Monday, April 20, 2015

Historical Food Fortnightly #23

Historical Food Fortnightly Challenge #23: 

"Sweet Sips and Potent Potables"

The Challenge: Sweet Sips and Potent Potables

Whether it’s hard or soft, we all enjoy a refreshing beverage! Pick a historic beverage to recreate - remember to sip responsibly!

The Recipe: Albumen Beverages
This drink recipe was included in the section with Barley Water and Beef Tea so I assume it's a drink for a sick person. The egg whites provide protein. 

Beat 1 egg white to a froth. Add 1/3 cup orange or lemon juice. Sweeten to taste with a syrup made by boiling 1 cup sugar in 1 cup water 12 minutes. Albumen water is made by mixing beaten egg white with 1/2 cup milk

Lily Haxworth Wallace, The Lily Wallace New American Cookbook, Books Inc., New York, 1947

How Did You Make It: I used pasteurized egg white in a carton, beat that with an electric mixer until foamy and mixed with 1% milk. 

I then squeezed two naval oranges by hand (because of course I can't find the juicer I swear I saw lying around a couple days ago). I only managed about 1/6 c. juice. I strained it and put it in a bowl. I boiled 1/2 c. sugar in 1/2 c. water for 12 minutes. Then I beat another egg white and added it to the orange juice. Finally, I did a stupid thing and poured the entire syrup into the glass. It was way too sweet and I never say that. 

Time to Complete: About a half hour

Total Cost: I had all the ingredients on hand.

How Successful Was It?: Success... yet it was too sweet with all the syrup and the orange taste was overshadowed by the sugar.

How Accurate Is It?:  The recipe was 100% accurate. 

Thursday, April 2, 2015

Historical Food Fornightly #22

Historical Food Fortnightly Challenge #22: 

"Make It Do or Do Without"

The Challenge: Make it Do or Do Without

Working around food availability to gain a desired outcome has been a challenge throughout history. Whether supplementing seasonal produce, dealing with rationed or blockaded food in wartime, or re-imagining a dish without access to crucial ingredients, the cooks of the past had to get creative. Do homage to their ingenuity by interpreting historical substitutions.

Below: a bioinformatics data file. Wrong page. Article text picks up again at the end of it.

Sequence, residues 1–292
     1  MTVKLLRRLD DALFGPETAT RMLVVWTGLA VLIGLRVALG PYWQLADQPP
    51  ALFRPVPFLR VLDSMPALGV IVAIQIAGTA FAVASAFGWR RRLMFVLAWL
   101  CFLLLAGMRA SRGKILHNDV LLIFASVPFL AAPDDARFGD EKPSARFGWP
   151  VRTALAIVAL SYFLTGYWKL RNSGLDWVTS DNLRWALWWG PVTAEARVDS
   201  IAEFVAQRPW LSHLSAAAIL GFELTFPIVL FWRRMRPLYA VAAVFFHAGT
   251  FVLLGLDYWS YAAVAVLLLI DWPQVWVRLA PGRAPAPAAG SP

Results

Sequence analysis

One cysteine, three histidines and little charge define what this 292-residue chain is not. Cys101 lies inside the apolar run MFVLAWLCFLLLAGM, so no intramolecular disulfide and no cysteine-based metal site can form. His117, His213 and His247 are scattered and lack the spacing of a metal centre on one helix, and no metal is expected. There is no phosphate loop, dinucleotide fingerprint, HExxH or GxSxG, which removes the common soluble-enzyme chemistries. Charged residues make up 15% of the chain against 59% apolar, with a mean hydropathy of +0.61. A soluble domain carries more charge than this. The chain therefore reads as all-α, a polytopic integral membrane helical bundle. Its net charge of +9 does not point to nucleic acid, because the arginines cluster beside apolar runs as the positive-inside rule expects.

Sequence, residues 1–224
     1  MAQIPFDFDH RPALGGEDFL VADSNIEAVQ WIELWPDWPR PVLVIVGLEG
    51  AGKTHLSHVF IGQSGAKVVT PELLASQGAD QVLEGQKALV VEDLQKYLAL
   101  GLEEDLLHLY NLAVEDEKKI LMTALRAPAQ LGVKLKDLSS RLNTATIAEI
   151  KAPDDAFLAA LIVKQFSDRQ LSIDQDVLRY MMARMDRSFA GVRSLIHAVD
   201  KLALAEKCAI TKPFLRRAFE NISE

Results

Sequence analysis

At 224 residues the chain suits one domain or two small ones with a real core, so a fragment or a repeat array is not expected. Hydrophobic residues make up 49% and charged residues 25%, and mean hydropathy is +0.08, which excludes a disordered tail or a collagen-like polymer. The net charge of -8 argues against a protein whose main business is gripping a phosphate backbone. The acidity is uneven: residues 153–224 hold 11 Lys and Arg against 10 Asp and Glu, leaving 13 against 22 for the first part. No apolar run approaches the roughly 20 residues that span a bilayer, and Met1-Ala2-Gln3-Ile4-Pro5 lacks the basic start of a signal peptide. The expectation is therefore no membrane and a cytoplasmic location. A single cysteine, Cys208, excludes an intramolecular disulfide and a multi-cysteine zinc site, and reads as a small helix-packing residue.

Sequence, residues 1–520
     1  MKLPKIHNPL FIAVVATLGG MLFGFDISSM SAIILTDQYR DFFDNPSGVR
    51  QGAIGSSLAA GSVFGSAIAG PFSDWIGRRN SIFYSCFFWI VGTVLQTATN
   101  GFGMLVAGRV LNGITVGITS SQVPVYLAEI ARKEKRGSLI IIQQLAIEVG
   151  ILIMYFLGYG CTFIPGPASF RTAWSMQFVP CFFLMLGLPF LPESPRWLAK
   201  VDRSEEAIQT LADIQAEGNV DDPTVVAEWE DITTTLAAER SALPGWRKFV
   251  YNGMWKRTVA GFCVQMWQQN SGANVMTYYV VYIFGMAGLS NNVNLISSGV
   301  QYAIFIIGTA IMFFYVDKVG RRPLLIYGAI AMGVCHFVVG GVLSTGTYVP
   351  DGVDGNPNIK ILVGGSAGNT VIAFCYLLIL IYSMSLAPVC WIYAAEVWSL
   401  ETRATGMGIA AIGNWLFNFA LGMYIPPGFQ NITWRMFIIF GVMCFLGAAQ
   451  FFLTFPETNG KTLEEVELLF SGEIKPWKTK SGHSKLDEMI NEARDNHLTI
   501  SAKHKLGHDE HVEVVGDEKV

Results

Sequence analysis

This was super easy for me, being well versed in food rationing and food substitutions. For more on that see my online exhibit on food in the World Wars (
The real challenge was finding a recipe that didn't use the oven since ours is broken!

The Recipe: I chose to make Cornstarch Pudding from Bureau of Home Economics, United States Department of Agriculture and the Consumer Division Office of Price Administration, Recipes to Match Your Sugar Ration, May 1942.

Cornstarch Pudding
1/3 c. cornstarch
1/4 tsp. salt
1 quart milk
1/2 c. sugar, honey, cane or maple sirup
2 tsp. vanilla or 1 square chocolate

Mix the cornstarch and salt with 1 cup of cold milk. 

Scald the remainder of the milk in the top of a double boiler. Add the cornstarch mixture to the milk. 

Let it boil until thick and smooth, stirring constantly. Just before taking from the [heat], add the sirup and vanilla flavoring. If chocolate is used, melt the chocolate and add some of the pudding to it, then mix with the rest of the pudding. pour into molds and allow to cool before unmolding. If vanilla flavoring is used, served with fresh fruit. Serve chocolate pudding with cream or custard sauce.

How Did You Make It: I cut the recipe in half, cooked it on a modern electric stove according to directions. I used maple syrup and vanilla flavoring and made one with a few semi-sweet chocolate chips mixed in. I used ramekins as pudding molds, placed the warm pudding in the refrigerator over night to set the pudding. I didn't have fresh fruit or cream and custard sauce has raw eggs so I ate the pudding as is.

Time to Complete: an hour to cook and cool overnight.

Total Cost: I had all the ingredients on hand.

How Successful Was It?: Success... yet it is really really gross. The texture and taste were OK but the cold pudding is not very appealing so I ended up throwing most of it out since no one else would eat it. It reminded my mom too much of stories about my cousin's mom growing up poor in rural West Virginia and only having cornstarch pudding for dessert.

How Accurate Is It?:  The recipe was 100% accurate.